David Garcia will present a talk in the SciBeh 2020 Virtual Workshop session on “Managing Online Research Discourse” on Tuesday, November 10 at 14:30 (CET).
For the full program of the virtual workshop and more information on the sessions, click here.
Online environments are increasingly important spaces for research discourse, as review, critique, and discussion expand beyond journal peer review and publication to pre-print servers and even social media (e.g., Twitter). Discourse has important functions for research: Review, critique, and discussion of research help to refine new ideas and findings, correct errors, and increase the epistemic diversity of work. Knowledge needs to be well-communicated outside the academic sphere to avoid misinterpretation and misinformation. Online, transparent, constructive research discourse can take place quickly, raising the profile of research findings.
In open online spaces, critique and review may also not be as detailed as through the traditional processes. Uncertainty and disagreements are also unavoidable in science, and discourse can get heated and become unproductive. At worse, scientific disagreement may harm public perception of science and research. For these reasons, researchers may be reluctant to engage with critiques of their work, or publicly critique others’ work.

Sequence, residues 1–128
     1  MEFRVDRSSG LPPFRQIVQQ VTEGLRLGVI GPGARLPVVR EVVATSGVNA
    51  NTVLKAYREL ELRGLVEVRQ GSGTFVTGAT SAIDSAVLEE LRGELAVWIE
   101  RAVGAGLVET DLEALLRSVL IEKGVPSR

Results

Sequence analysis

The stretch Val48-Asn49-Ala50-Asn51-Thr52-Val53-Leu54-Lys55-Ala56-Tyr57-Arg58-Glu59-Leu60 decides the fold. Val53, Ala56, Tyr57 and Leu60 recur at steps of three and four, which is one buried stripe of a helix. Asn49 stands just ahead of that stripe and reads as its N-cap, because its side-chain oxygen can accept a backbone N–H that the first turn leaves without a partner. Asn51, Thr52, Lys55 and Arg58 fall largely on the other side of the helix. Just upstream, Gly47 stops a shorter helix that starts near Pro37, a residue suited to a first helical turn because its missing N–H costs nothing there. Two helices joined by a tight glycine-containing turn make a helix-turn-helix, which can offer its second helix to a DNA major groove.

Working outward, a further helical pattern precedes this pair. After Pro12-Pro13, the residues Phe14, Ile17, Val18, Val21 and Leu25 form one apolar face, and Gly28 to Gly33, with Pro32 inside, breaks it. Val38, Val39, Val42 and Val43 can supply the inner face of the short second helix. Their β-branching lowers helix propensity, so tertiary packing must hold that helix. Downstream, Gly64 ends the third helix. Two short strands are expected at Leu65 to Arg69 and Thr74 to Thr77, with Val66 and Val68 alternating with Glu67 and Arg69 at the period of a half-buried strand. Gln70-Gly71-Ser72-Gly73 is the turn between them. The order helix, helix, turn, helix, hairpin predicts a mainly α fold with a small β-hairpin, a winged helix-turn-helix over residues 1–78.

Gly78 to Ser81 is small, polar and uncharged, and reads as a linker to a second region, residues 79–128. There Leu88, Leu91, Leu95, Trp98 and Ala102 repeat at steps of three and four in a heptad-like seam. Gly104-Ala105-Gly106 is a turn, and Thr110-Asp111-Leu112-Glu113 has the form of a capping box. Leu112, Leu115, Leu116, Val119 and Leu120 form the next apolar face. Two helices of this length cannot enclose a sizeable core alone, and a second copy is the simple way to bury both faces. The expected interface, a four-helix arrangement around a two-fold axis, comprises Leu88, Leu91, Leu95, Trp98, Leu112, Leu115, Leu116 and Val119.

In this session, we address the issue of building sustainable, transparent, and constructive online discourse among researchers as well as between researchers and the wider public. Some of the questions we ask are:
- What levels of discourse support quality assurance in research?
- Why should researchers discuss work in online spaces, with each other and with the public?
- How should researchers engage in online research discourse to combat misinformation?